Technology continues to revolutionize education and allows students to learn in different ways. While computers have become standard in most classrooms, iPods are usually not thought of as educational tools. That is, until now. Learn about the use of iPods for special education students.
The iPod has certainly changed how we listen to music. Apple’s portable digital media player enables us to carry thousands of downloaded songs at our fingertips. Various versions of the iPod, like the iPod touch, also let us store data and transfer photos, videos, games, contact information, Web bookmarks, and calendars. With all of these entertaining uses, though, using an iPod in the classroom might sound strange. The use of iPods for special education students, however, has new, exciting opportunities in learning.
Using iPods for Tests
For students with learning disabilities, taking tests can be especially stressful. Often, these students have to be separated from their peers in a regular education classroom so that a paraprofessional can read their tests to them. This situation is no longer the case with the use of an iPod. Students can now remain in class as they read the test on paper, see the text on the iPod screen, and listen to questions through headphones. The approach has led to better academic outcomes for these students who receive special education services. In addition, it lets students test at their own pace, hitting a button when they want a question repeated and continuing with the test as they are ready. Educators do have to learn to code software to get the text and the audio into the iPod. Using this device, though, gives students freedom to take tests without being separated from their peers, which can boost self-esteem and self-confidence in school.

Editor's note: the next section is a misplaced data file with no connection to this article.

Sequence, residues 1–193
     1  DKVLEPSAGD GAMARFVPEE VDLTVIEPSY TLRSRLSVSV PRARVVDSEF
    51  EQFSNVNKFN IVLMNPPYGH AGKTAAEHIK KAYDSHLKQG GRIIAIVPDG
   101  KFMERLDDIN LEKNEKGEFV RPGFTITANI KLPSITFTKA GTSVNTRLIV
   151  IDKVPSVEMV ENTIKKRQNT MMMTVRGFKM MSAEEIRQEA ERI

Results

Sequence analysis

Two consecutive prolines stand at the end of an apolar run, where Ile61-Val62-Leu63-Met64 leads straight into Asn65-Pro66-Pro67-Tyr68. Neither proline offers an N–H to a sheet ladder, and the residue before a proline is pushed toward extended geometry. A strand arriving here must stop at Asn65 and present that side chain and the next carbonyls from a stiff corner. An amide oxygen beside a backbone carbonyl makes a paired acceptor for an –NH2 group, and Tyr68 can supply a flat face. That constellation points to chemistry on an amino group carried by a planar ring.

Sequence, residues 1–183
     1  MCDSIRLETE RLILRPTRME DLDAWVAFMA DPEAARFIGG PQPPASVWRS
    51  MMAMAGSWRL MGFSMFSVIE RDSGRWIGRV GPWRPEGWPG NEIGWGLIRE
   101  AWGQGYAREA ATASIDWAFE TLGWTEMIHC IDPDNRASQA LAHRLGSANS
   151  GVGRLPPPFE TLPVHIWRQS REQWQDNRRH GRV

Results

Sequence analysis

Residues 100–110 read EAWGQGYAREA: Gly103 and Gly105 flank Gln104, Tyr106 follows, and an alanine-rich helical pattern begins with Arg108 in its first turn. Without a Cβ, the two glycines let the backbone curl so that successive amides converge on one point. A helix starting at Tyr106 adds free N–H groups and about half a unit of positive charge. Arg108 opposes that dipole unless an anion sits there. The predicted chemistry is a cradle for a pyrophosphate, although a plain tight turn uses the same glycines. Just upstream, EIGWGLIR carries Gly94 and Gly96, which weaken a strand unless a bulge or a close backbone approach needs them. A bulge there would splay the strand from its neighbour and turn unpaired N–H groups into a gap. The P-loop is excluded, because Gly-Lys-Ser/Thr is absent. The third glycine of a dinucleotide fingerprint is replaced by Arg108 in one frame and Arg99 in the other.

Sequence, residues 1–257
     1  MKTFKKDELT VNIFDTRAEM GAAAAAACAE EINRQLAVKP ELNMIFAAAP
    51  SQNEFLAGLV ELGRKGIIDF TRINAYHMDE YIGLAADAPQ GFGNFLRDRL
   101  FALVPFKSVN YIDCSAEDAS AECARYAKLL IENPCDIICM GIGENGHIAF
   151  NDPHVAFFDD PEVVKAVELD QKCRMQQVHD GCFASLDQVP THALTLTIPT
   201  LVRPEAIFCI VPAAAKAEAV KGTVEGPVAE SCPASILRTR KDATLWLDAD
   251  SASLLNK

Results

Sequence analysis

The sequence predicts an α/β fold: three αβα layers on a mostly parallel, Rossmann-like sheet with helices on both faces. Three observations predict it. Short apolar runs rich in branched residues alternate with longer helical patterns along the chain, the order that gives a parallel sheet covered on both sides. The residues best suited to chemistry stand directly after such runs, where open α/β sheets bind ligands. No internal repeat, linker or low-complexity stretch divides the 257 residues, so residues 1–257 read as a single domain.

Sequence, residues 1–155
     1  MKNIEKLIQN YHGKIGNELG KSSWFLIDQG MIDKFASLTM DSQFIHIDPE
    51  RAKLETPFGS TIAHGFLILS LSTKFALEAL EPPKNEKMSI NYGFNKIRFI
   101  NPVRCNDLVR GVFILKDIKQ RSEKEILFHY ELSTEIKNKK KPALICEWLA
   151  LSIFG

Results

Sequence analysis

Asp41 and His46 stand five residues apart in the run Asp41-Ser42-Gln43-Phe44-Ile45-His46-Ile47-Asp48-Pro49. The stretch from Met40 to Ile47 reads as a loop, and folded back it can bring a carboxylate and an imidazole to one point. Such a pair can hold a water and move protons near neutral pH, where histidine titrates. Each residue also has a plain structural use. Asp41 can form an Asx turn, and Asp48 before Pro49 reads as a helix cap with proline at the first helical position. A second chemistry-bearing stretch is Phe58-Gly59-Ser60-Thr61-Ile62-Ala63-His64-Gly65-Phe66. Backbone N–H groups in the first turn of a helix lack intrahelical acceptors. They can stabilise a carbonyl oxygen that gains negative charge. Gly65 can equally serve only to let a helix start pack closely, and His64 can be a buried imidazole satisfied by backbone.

Some school districts have taken the use of iPods one step further and allow students to use the device during standardized testing. In Iowa, educators developed the idea of iPods as assistive technology after discovering that other states used them to improve fluency in students learning English as a second language. Although transferring the audio of the test questions into the media player can be time consuming, educators have seen many benefits. Along with better tests scores and the reduced need for special education services, students are being tested in the least restrictive environment. (Source: The Iowa Independent)
Some other ways to use an iPod for education work particularly well for students with hearing impairments. Teachers can use the device to record stories read to the class, while employing video capabilities to show book pages and a sign language interpreter. Students can then enjoy the book again while seeing its pages and the signs of its words. The iPod can be used to make videos of sign language gestures matching current vocabulary in the curriculum to help parents sign to children about what they are learning in school. Teachers can make video tutorials for specific signs requested by parents.
Aside from the above uses, many special education apps exist for the iPod touch. These include reading apps with narrated children’s books, writing apps for Dragon Dictation voice recognition software, and math apps that help with every level of the subject, such as Freddy Fraction. Communication apps include MyTalk, or Advanced Audio Code software with photos and a voice recording feature that can be used with web authoring software. Assistive technology apps guide the user on making the iPod more accessible. With all of these uses for students receiving special education services and those who educate them, the iPod will not be thought of as only for entertainment purposes much longer.